Get a 1/2 hex nut driver and run the output shaft with a drill. The 30 minutes don’t need to be perfectly uninterrupted to swap out batteries or hands.

Personally we don’t run in the TB mini but we do have a Thrifty Throttle from AndyMark and a set up with a motor controller that we use for testing purposes that certainly could be used for break in.

You don’t really need both a main breaker and a breaker for the individual circuit(s).

I recommend heading to your local auto parts store for an inline MAXI fuse holder which will accept the 40a breaker like this or an inline ATO/ATC fuse holder which will accept the 30a and lower breakers like this!-Inline/p_800387.h_800388 or this Note depending on the exact unit you get you may need to trim some of the rubber away if you want to use the KOP style breakers. Also check the wire size included to make sure that it is rated for the fuse/breaker size you plan to use. I like the ones with the LED because you have a visual flashing LED if the breaker is tripping and resetting.

Alternatively you can use one of these and cover it with the insulators linked to on that page. You can get those stud type circuit breakers at many auto parts stores but they are usually the auto reset style. For this application I prefer the manual reset so if something goes wrong and it causes the breaker to trip it doesn’t cycle back on like it will with an auto reset style breaker.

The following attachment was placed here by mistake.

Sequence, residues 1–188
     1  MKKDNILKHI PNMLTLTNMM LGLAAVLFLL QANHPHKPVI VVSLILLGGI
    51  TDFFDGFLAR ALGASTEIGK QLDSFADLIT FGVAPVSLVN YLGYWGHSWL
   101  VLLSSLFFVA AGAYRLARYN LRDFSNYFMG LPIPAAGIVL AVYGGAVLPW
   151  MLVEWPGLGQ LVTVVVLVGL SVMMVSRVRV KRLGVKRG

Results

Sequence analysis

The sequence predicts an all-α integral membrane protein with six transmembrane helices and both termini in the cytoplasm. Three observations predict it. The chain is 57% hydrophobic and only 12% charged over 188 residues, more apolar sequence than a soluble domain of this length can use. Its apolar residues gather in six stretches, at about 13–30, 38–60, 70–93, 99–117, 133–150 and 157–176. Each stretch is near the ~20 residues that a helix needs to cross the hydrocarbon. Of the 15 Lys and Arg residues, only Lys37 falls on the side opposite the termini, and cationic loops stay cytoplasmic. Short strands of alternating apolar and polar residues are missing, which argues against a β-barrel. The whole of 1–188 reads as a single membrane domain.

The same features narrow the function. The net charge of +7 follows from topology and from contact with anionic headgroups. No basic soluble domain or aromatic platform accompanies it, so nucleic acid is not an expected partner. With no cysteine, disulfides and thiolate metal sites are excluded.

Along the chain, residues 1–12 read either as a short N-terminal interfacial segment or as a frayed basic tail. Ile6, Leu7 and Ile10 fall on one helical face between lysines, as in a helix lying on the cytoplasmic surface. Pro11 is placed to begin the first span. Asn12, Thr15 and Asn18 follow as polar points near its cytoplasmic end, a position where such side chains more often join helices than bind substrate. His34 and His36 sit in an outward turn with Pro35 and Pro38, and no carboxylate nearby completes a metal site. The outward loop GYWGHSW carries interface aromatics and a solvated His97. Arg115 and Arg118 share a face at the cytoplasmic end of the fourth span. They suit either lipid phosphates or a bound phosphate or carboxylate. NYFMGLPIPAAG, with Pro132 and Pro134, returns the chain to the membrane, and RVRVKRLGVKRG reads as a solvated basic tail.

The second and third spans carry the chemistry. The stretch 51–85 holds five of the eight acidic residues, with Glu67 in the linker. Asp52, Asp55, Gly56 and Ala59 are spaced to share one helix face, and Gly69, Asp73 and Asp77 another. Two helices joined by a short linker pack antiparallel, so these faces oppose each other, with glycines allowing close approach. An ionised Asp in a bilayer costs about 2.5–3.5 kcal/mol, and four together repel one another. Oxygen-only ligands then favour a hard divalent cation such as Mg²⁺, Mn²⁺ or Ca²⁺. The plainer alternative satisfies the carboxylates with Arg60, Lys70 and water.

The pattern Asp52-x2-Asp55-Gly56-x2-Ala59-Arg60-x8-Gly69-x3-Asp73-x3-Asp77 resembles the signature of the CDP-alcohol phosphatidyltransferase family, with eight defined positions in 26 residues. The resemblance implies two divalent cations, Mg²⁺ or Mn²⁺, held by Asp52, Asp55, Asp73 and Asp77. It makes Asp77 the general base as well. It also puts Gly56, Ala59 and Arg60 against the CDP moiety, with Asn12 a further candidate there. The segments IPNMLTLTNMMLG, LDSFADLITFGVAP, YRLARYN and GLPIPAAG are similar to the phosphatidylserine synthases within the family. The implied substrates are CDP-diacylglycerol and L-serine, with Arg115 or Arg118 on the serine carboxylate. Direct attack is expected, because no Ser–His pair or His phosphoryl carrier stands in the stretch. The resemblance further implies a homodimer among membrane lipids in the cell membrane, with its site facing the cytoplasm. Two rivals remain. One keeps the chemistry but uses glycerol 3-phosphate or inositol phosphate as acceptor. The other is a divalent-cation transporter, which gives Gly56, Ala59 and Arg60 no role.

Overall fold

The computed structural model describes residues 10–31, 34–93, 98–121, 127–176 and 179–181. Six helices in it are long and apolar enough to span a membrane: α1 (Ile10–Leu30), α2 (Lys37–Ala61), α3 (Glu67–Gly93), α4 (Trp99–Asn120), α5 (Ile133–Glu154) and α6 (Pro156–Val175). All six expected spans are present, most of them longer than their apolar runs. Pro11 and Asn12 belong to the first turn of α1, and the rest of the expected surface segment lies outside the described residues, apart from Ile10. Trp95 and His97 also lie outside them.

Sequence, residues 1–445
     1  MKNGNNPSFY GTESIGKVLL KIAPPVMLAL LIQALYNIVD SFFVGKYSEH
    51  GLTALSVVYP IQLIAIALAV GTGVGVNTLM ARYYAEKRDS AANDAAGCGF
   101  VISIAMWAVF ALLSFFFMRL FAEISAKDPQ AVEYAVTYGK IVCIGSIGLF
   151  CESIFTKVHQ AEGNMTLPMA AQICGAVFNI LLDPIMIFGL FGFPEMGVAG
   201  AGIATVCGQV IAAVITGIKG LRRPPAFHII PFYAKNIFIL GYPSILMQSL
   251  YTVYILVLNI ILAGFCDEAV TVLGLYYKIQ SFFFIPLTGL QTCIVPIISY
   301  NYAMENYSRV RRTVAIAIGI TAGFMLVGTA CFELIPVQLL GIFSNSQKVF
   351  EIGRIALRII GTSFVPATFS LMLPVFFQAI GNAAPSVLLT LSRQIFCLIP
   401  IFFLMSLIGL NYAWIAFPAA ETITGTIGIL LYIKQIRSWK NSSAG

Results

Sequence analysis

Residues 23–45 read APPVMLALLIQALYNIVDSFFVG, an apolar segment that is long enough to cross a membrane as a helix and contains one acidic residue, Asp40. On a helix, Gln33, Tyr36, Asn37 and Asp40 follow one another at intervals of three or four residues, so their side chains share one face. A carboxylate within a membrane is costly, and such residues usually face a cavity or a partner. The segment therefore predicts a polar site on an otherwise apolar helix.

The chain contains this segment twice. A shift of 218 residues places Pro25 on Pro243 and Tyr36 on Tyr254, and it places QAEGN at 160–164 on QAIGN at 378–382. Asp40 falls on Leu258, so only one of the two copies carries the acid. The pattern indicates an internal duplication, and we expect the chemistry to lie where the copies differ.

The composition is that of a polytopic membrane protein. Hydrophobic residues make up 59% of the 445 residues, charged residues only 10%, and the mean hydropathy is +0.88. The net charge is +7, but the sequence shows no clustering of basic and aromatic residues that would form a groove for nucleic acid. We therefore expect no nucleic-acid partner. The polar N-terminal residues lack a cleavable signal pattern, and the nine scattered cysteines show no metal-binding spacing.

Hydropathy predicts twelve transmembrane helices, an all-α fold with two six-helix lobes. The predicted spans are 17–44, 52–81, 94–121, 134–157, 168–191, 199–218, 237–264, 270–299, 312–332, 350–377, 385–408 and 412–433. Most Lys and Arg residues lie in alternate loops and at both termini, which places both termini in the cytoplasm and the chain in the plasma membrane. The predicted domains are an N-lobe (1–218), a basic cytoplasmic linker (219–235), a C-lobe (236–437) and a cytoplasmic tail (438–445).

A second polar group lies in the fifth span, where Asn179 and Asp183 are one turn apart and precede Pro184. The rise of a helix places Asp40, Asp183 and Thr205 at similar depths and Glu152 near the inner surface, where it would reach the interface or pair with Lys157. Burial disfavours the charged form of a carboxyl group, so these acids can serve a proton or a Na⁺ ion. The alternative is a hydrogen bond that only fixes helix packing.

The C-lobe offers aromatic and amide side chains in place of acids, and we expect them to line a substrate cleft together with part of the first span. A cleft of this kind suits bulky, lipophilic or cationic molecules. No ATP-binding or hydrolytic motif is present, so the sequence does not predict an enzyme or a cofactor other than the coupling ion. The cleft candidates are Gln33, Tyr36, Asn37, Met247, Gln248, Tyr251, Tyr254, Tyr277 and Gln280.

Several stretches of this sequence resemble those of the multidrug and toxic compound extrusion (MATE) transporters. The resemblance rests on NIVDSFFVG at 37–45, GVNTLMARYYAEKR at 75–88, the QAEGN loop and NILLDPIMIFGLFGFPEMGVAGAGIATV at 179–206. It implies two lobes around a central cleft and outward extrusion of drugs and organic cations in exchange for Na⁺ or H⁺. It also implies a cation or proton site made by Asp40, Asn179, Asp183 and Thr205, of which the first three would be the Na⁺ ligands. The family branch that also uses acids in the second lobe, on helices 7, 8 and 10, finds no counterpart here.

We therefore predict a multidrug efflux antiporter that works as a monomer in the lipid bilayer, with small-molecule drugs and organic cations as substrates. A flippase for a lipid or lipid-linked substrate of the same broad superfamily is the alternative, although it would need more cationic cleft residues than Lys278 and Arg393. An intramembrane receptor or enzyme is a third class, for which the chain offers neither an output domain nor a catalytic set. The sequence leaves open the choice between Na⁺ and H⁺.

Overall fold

How do you propose to switch the circuit on and off.

Go ahead and take a look at this thread from the fall about building a drill tester:


Back to the original problem - if you are significantly heating the CIM running the gearbox with no load other than break-in, you have a mechanical issue in the gearbox - something binding or a gear upside down (bosses on the gears should be against the bearings, flat sides to the center of the gearbox). We break in our gearboxes at full voltage (no controller, just a switch and breaker) and have never had heating problems. Of course, if the gearbox makes too much noise when we start it, we shut down and break it back down to find the issue.

So you dont spark, always put the red wire on first, and then black. We do that if we want to run a motor without an entire setup. We only had one issue, where a freshman connected the two wires and shorted the battery.

Why would closing the circuit on the negative terminal be better than closing it on the positive terminal? I’m wondering why it would make a difference because I’ve never heard this before and it doesn’t fit with my understanding of how electricity works.

I am :slight_smile:

This is good advice for automobiles, which use the chassis as a negative return, provided you do the black wire connection at the chassis, away from batteries and other components. On an FRC-legal robot (isolated chassis), no difference.